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Last Updated: Oct 11, 2012 - 10:22:56 PM
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Health : Aging

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Fish Oil Reverses Age-Related Ailments

Oct 26, 2004 - 1:36:00 AM

 
[RxPG] University of Bradford student Samantha Little has been awarded a Young Investigators Award at an international congress for her work on the effect of fish oil on the ageing brain.

Fish oil is a major dietary source of the polyunsaturated fatty acid, docosahexaenoic acid (DHA). DHA is important for growth and functional development and for information processing in the brain. It has been shown to have positive effects on hypertension, arthritis, depression, heart disease, some cancers and age-related disorders such as Alzheimers.

Following her research into DHA, postgraduate student Samantha was one of just 10 young investigators to be presented with an award at the International Society for the Study of Fatty Acids and Lipids (ISSFAL) 2004.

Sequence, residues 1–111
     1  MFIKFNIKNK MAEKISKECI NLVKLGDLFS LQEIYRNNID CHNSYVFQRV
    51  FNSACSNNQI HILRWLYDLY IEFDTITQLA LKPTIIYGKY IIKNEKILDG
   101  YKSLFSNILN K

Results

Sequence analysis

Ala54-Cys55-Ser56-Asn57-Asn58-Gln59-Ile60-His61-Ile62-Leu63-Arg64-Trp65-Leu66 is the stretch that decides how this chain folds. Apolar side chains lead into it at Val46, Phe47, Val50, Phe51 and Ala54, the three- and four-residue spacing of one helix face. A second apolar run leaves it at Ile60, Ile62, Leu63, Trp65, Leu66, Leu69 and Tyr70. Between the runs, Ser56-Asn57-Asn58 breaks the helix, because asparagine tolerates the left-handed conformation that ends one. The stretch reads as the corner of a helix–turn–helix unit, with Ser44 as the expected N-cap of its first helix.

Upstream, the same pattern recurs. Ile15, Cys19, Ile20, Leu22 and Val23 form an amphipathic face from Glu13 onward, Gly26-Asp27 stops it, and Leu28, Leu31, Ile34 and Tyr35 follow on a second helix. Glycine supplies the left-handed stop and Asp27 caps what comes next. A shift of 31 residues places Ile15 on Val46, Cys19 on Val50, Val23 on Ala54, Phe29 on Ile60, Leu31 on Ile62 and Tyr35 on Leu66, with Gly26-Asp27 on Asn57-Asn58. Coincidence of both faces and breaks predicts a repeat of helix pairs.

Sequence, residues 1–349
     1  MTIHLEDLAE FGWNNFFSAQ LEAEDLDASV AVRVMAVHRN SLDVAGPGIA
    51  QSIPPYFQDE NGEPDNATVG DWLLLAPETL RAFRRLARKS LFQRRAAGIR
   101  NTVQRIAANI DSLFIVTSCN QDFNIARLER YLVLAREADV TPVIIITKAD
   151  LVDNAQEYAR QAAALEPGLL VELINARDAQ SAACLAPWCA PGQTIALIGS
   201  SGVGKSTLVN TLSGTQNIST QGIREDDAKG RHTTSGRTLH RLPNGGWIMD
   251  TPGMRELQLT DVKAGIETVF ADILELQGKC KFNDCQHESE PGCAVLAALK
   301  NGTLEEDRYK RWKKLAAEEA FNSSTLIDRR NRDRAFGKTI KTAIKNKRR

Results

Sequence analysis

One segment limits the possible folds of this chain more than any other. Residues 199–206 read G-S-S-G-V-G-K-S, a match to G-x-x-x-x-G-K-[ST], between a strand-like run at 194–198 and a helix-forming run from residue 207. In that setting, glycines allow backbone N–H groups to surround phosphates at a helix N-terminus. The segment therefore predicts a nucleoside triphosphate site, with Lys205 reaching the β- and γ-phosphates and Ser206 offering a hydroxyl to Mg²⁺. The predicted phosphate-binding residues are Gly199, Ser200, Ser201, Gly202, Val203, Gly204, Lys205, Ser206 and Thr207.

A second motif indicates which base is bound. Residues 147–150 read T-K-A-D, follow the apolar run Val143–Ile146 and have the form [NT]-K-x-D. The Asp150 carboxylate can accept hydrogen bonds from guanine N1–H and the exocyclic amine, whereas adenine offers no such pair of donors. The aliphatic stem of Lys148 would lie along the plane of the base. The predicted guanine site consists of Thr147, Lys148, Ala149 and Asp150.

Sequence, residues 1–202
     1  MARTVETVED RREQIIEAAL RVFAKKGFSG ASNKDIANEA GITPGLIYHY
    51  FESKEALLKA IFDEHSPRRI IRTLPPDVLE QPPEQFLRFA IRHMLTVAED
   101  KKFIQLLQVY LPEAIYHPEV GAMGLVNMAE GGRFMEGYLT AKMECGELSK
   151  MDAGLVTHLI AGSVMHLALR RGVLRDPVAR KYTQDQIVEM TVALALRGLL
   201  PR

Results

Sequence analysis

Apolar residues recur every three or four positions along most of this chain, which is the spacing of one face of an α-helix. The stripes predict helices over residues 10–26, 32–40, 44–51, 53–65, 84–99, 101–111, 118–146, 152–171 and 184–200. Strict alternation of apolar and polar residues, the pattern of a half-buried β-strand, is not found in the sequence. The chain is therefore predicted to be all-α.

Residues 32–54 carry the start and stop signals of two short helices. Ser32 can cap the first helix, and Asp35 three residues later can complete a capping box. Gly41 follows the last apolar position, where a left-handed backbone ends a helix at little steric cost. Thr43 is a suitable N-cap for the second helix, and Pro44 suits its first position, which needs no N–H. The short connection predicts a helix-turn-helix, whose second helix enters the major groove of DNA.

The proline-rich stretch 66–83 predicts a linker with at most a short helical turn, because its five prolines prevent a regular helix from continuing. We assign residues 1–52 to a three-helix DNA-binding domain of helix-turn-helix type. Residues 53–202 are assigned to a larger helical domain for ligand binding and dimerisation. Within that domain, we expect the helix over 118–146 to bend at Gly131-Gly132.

Samantha, who is based in the University's School of Pharmacy, said: "Around 50 to 60 per cent of brain dry weight consists of lipids and approximately 20 per cent of the brain membrane lipids consist of polyunsaturated fatty acids. The most abundant omega-3 polyunsaturated fatty acid in the brain is DHA.

"With the ageing process, there is a deterioration in the central nervous system, deterioration in memory, increased inflammation and increased oxidative stress and level of cholesterol in the brain. This is accompanied by a decline in the levels of DHA in the brain.

"By increasing the dietary intake of DHA, we hoped to increase the levels of DHA in the brain, and this would hopefully have positive impact on the deficits associated with ageing."

An eight-week study revealed that having a diet supplemented with DHA resulted in the levels of DHA in the brain increasing, whilst the levels of cholesterol decreased. Researchers concluded that DHA reversed the age-related deficits associated with inflammation and stress.

Samantha was awarded a certificate and £120 for her research, under the category of Young Investigators Awards for the top 10 papers presented by young (PhD students) researchers.



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